By Chris Babits In a May 2016 podcast for the Journal of American History, Yael A. Sternhell said, “For the great majority of [historians], when we walk into an archive, we have this illusion that this is where historical knowledge lies. Raw primary sources. Untainted. Unblemished. Just waiting for us to pick them up and […]
By Aleksej Demjanski The 1960s saw an explosion of student activism across the globe. This increase in youth movements for social change was so influential that U.S. President Lyndon B. Johnson had the Central Intelligence Agency illegally monitor student movements both at home and abroad. After some investigation, the CIA produced an over two-hundred-page report, titled […]
by David Rahimi Starting with the encounter with European colonialism and modernity in the eighteenth century, Muslims increasingly began to worry that Islam was beset by existential crises as Muslim countries slowly fell under colonial domination. Some thought Islam had stagnated and made Muslims weak; others said true Islam already had the answers to modernity. […]
By Emily Whalen “Have you ever lived in the suburbs?” New York City Mayor Ed Koch asked in a 1982 interview for Playboy magazine. The interviewer had asked the famously witty Koch if he would ever consider a gubernatorial campaign for the state—if Koch won the race, it would mean a move away from the […]
During the summer of 2016, we will be bringing together our previously published articles, book reviews, and podcasts on key themes and periods in the history of the USA. Each grouping is designed to correspond to the core areas of the US History Survey Courses taken by undergraduate students at the University of Texas at Austin.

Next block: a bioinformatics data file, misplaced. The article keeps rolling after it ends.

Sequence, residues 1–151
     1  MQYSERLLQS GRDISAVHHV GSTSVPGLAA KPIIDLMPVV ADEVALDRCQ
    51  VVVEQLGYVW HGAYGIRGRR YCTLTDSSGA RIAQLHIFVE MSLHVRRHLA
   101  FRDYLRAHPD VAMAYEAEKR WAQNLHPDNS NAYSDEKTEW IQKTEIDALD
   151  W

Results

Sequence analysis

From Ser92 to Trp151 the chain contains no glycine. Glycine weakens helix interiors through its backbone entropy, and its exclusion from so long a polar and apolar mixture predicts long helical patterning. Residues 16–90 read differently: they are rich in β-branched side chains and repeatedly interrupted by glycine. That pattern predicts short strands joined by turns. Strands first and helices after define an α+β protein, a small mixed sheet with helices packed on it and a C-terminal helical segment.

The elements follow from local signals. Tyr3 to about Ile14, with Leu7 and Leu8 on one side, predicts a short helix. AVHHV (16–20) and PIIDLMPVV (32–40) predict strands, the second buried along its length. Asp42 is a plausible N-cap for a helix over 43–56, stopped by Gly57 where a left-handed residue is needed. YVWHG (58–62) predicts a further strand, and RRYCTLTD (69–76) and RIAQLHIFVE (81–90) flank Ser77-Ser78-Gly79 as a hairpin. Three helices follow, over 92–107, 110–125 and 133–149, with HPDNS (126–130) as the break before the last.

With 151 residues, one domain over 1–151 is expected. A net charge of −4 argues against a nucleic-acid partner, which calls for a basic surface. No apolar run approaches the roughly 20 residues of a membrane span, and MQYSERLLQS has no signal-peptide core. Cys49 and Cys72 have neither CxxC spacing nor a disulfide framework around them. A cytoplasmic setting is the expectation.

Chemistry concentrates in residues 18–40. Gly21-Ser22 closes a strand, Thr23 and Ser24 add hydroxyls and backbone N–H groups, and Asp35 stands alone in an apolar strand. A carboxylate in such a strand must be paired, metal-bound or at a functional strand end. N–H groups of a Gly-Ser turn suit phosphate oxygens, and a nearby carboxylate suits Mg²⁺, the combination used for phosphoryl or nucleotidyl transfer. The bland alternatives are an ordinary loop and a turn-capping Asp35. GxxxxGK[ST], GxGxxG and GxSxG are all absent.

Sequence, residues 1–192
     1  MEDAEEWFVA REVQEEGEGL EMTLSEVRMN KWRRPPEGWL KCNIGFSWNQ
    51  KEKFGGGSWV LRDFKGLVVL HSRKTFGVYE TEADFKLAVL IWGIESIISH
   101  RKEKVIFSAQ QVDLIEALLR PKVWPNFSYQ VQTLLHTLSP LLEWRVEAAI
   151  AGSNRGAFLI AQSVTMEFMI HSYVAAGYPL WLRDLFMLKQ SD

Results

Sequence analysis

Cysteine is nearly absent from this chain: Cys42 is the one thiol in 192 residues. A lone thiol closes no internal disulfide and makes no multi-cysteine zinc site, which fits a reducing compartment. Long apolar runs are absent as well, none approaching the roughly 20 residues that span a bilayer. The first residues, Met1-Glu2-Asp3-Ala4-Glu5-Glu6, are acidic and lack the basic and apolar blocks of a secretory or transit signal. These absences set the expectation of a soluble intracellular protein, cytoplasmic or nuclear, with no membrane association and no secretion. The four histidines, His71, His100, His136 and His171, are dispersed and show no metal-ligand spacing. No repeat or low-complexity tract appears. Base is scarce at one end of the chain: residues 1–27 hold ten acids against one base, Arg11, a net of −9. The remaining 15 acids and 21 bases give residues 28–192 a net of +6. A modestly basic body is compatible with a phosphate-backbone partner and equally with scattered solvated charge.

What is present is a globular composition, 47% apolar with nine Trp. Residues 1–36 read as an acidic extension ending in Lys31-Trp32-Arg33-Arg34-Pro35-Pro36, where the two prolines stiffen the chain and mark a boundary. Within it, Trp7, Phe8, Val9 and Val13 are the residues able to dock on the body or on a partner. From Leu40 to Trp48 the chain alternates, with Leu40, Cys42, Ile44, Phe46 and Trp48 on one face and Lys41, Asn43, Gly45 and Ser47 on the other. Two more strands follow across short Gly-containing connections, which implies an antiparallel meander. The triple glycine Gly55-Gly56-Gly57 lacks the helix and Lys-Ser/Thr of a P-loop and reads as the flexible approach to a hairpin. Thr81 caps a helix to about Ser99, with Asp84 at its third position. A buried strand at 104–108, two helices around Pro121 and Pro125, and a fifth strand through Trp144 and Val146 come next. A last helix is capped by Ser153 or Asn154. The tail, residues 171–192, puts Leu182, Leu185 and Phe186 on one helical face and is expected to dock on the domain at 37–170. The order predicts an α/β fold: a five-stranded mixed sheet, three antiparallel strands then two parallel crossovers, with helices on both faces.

During the summer of 2016, we will be bringing together our previously published articles, book reviews, and podcasts on key themes and periods in the history of the USA.
Gloria Steinem’s eighth book is part feminist memoir, part autobiography of personal growth and change, part invocation to the adventure of living in the present, and part story book.
More to read on the United States and the World in the 20th century.
Charting the rise of the United States from a peripheral, comparatively weak power in the late nineteenth century to the pinnacle of its military, diplomatic, and cultural influence in the early twenty-first. How and why did this momentous transformation occur? Who resisted and why? What were the attitudes of foreign nations as the United States became a great power of the first order and then surpassed them all?
Seth Franco and Dylan Gill Cedar Bayou Junior School Junior Division Group Exhibit Read Seth and Dylan’s Process Paper In 2014, female athletics are common in America’s high schools and colleges. But this was not always the case. Prior to the 1972 passage of the Title IX Education Amendment, all male teams received most, if […]